On Thursday, April 2, 2015, a bill passed by both the Arizona House and Senate seems like a victory for educators new to Arizona, even education. Given that Arizona recruits and employs many teachers from outside its borders, especially from the Midwest, this bill could have longer-reaching effects on our students – and on the teachers teaching them. Specifically, HB2577 “allows the State Board of Education to grant up to 3 years (currently 1 year) a basic or standard teaching certificate to a teacher who hasn’t met the SEI training requirement”. At the time of this writing, it was headed to Governor Ducey for his signature.

Many Arizona educators, particularly those who have been involved in English Language education in our state from the 1990’s, have memories of Miriam Flores suing the state of Arizona for not addressing the needs of her minor Spanish-speaking daughter (Flores v Arizona). SEI training was created to answer the requirements of the resulting Flores Consent Decree, which stated that teachers must use special instructional strategies to assist English Learners as they learn English (see my former post “Why SEI? The Real Reasons Teachers Must Take SEI Training in AZ” to understand the history of Structured English Immersion in Arizona). By taking advantage of the delay in their SEI training, teachers will most likely not have been trained with the tools needed to meet the needs of English Learners that exist in high numbers in many Arizona schools. The potential effects are staggering.

From my experience, teachers who have not been trained in Structured English Immersion methods will feel unsuccessful with their English Learner students. Teaching language through the content of a grade level or a subject area is not “just good teaching,” as has been erroneously stated by many a teacher. As a teacher coach and mentor for eight years in school districts, and now for an additional nine years as a consultant, I can say with confidence that using the strategies conveyed in SEI training is a must if both teachers and their students are to succeed. And, while we border Mexico, teachers in this state are charged with the education of children from 90+ language groups – not just Spanish.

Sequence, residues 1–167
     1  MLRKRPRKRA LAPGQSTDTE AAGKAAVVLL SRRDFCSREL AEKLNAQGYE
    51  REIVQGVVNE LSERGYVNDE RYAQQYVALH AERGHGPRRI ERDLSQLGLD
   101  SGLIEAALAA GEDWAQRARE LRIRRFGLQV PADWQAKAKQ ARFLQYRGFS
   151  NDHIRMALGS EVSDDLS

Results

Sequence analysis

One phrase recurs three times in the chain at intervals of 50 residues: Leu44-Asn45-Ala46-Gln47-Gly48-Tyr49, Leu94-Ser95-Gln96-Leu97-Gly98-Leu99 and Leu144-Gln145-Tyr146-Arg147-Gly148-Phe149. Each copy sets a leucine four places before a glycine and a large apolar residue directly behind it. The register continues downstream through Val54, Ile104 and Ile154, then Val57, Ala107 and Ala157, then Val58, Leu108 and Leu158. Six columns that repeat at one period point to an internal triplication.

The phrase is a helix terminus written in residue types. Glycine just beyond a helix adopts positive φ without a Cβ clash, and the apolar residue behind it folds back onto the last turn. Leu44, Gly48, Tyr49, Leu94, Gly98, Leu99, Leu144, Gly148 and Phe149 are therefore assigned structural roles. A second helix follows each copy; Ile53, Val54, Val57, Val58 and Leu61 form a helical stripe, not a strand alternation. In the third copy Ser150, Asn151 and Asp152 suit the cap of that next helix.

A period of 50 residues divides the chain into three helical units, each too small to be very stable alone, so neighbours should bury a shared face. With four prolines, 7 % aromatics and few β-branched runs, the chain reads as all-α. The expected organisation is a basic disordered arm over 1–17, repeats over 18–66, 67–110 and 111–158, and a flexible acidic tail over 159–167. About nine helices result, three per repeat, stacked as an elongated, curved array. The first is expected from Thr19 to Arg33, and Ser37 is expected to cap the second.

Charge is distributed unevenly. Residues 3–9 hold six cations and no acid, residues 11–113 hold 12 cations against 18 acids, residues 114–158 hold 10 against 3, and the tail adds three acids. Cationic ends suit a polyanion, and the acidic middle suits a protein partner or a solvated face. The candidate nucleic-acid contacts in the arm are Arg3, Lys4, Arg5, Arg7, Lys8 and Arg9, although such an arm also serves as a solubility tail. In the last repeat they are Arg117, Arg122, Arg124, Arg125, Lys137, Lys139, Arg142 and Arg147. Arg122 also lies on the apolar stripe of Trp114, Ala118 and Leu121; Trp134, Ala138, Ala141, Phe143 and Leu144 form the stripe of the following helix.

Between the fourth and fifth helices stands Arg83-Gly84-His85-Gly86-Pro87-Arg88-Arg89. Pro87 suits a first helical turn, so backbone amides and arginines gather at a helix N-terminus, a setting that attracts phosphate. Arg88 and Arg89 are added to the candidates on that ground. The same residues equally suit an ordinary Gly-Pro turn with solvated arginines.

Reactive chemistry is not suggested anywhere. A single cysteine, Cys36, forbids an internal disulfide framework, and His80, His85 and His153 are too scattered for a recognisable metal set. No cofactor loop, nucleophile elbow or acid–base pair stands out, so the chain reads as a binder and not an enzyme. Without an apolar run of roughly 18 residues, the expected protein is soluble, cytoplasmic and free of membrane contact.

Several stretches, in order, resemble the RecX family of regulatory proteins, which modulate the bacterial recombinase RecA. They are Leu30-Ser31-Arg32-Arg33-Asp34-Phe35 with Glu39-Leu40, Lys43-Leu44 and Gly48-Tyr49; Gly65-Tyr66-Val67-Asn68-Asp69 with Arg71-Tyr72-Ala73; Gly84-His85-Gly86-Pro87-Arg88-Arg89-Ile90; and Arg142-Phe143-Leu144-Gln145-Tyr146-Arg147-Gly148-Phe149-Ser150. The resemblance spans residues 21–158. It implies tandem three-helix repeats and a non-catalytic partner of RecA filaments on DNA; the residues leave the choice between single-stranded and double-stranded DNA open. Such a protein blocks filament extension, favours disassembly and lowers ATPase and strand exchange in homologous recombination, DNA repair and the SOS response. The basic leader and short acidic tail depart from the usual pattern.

If a teacher feels unsuccessful, I have noted from my extensive teacher coaching experience that he or she will either:

  1. Seek SEI training to learn the strategies necessary to teach not only their content, but English as well, thus reducing their job stress; or
  2. Do their best to make their English Learners feel comfortable as they teach using strategies suitable for the mainstream, and hoping that they will ‘get’ some of their content; or
  3. Come to the conclusion that, after trying every mainstream technique they know to reach their English Learners, they are not effective as teachers, and ultimately leave the field.

Perhaps you have heard of the Three Strikes Rule in education. Research has shown that students who have three underprepared or ineffective teachers will fall so far behind in their education, and have so many gaps in their concept development, that they will never be able to catch up and enter post-secondary institutions. In fact, it is far more likely that they will drop out of school because they cannot pass tests required for graduation. Our teacher shortage is such that this could happen – three underprepared teachers in an English Learner’s educational career.

My advice to teachers and administrators? Get the SEI training as soon as possible. There are many approved providers that can help you accomplish this. If you are the type of learner that enjoys interaction, we offer our SEI classes regularly in both the Phoenix area and Tucson. We also offer open entry, open exit SEI online classes so that you can go at your own pace. However you decide to take your SEI training, once finished, you will feel prepared and confident that you have the necessary tools to help your English Learners succeed!